The next Fable has been announced, but before you run to play Fable 3 again in preparation, it's not Fable 4. This time Molynuex and the gang have turned to the Kinect sensor for the Xbox 360, creating a game that exists in the Fable world but doesn't feature any of the characters. But does that work? Will you want to play it? And what's all this fuss about the new game being "on rails". We find out.
Fable: The Journey
What platform is it on?
When's it due out?
What other game is it like?
Does it use any new tech like 3D, PlayStation Move, or Kinect for Xbox 360?
Yes – the Kinect
Fable: The Journey is poised to take the cherished action-adventure series to Kinect for Xbox 360. Under Microsoft's licensing agreement with Epic, Lionhead is equipped with the latest Unreal Engine technology to bring powerful new experiences to the critically acclaimed Xbox 360 exclusive franchise that has sold more than 9 million copies.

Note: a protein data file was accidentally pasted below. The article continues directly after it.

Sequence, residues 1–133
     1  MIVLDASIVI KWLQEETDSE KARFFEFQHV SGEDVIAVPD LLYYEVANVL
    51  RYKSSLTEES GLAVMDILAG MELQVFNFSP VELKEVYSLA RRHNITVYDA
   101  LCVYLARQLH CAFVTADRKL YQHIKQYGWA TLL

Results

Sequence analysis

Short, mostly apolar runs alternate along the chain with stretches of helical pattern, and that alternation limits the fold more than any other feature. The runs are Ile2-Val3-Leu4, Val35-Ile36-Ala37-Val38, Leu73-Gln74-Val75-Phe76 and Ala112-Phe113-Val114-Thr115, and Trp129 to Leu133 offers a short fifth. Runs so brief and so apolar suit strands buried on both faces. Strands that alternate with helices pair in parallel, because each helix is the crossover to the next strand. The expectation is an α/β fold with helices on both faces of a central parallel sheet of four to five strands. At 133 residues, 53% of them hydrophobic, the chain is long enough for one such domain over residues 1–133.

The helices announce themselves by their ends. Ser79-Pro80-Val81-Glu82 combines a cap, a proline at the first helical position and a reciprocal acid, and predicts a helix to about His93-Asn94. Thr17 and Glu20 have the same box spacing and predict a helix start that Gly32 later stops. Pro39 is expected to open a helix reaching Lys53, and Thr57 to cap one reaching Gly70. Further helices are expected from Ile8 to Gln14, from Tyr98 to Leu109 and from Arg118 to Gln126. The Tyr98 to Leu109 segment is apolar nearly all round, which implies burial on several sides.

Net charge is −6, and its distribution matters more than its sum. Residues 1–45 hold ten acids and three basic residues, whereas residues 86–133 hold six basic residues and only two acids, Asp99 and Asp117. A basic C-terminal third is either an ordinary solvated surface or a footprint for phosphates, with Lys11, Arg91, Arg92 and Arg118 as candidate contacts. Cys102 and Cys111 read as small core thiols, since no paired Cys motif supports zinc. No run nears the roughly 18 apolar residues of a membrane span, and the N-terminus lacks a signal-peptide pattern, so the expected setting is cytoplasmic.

Back in Albion Fable: The Journey follows a different path to the one in the Fable games, however exists in the same environment. Set soon after the events of Fable 3, The Journey puts players in control of a new hero who has just come upon Theresa; the blind fortune teller featured prominently in the Fable series. Tasked with bringing Theresa to the Spire, our hero will have to venture through an Albion that will feel somewhat familiar.
Our first impressions
We enjoyed two outings of Fable: The Journey across the course of E3 in Los Angeles. First at the Microsoft press conference at the start of the week at the E3 gaming convention, and then again in a behind closed doors session with Peter Molyneux himself.